How to Catch a Cat, Part I: Finding cats!

I've been studying how urbanization affects the health and disease susceptibility of bobcats in and around the Santa Monica Mountains since 2006.  This work has involved capturing bobcats to collect samples from them.  I've been fortunate to not only maintain my own trapline for this effort, but to collaborate with the National Park Service to get samples from the animals they trap for their own ongoing long-term bobcat research. From 2009-2011, I intensively trapped bobcats for nearly the entire two years (taking breaks only during kitten season when females could have young kittens to tend to).  Because of this work, I've been blessed to have handled at least 100 bobcats, and have myself trapped approximately 60 individuals. In addition to the bobcat work, I've aso been fortunate to collaborate on the National Park Service mountain lion project, also in the Santa Monica Mountains. I've not seen nearly as many mountain lions as bobcats, but working with both species, I've learned important techniques for trapping and handling cats.
When describing my work to both scientists and nonscientists alike, most people first ask how we catch the cats to get the samples. So I thought it would be a good blog topic- or topics.  Its a multistep process, so for this entry, I'll focus on the first step- figuring out where the cats are so we know where to put our traps! *(See note at end of entry about trapping ethics)
Diving into how to catch a cat...the first step is figuring out where the cats are!  There's a couple ways to do this- when working in a new study area where it is unknown whether your species of interest is present, biologists may set up remote wildlife cameras to determine what species live  in the area. For example, when National Park Service biologists started their mountain lion project in the Santa Monica Mountains in 2002, they had no idea whether there were even mountain lions in the Santa Monicas! Mountain lions are found throughout California but they are very sensitive to urbanization and habitat fragmentation.  So in areas where there is a lot of habitat fragmentation and urban development, there may be areas of "local extinctions" where populations are unable to survive longterm and their populations go "extinct" in a localized region. Given that the Santa Monicas are next to one of the largest cities in the world, its not stretch to imagine that it would be difficult for a healthy mountain lion population to persist in the region! So, to discover if mountain lions were even still present in the Santa Monicas, NPS set up heat-triggered remote wildlife cameras around the Santa Monicas where every time an animal walked by the camera, a photo would be taken. It was using this method they discovered that there were mountain lions in the park!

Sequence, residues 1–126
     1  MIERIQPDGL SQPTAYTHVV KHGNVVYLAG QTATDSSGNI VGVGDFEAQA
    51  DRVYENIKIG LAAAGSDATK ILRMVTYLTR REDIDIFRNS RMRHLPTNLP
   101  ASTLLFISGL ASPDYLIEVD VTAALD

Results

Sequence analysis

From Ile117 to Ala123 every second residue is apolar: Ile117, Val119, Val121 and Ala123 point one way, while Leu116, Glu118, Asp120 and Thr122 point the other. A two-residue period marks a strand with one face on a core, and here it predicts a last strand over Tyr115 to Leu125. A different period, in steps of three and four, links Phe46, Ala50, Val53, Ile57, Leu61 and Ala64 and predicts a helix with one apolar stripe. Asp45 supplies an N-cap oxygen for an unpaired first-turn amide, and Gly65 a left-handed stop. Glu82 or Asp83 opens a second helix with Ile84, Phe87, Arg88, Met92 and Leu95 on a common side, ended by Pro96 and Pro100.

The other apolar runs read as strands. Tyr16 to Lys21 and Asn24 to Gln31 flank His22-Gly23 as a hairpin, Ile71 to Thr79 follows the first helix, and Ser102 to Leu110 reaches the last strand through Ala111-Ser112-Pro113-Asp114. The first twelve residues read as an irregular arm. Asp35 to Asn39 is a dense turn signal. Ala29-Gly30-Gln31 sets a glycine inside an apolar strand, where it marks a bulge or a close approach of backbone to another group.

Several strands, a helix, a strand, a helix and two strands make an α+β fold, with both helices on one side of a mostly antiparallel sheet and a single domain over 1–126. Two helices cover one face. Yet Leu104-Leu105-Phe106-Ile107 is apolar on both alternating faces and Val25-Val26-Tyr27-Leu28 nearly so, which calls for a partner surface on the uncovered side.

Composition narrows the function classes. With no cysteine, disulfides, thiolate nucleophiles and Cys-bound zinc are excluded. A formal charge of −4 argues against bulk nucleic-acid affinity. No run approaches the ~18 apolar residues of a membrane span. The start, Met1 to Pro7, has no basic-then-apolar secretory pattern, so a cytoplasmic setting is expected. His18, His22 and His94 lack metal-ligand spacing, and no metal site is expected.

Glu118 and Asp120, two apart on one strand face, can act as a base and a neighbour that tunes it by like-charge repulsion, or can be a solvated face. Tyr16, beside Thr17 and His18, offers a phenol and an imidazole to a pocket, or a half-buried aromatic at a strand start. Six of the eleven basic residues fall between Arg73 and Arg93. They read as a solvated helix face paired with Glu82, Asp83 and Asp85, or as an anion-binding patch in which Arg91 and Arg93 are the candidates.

Another method is to get out in the field and look for animal tracks and sign. Every species of animal has a distinctive track and many have distinctive fecal material (also known as "scat"). Some animals (like bobcats or mountain lions) mark their territory with distinctive scrapes on the ground.  The scrapes for bobcats and mountain lions look very similar, but mountain lion scrapes are much larger than bobcats!  So, as a local carnivore biologist, I've learned some distinctive signs (scat, tracks or scrapes) for fox, mountain lion, coyote, skunk, and raccoon.  Using both this method of looking for animal sign, along with the remote cameras, is useful to not only identify what animals live in an area, but also learn what are common paths that animals use.  Knowing the best paths is the next step to knowing how to catch a cat!  My next entry will focus on choosing a trap site, so keep posted for that! 

*An important note- we (myself along with my National Park Service collaborators) do not take trapping and handling animals lightly.  When trapping and handling animals, it induces stress in the captured animals and there's always a risk that something can go wrong for the animal or the biologist.  For projects that involve this invasive techniques, we must have our protocols reviewed by animal ethics committees and weigh the cost of stressing an animal with the benefit of the research where the benefit must outweigh the cost.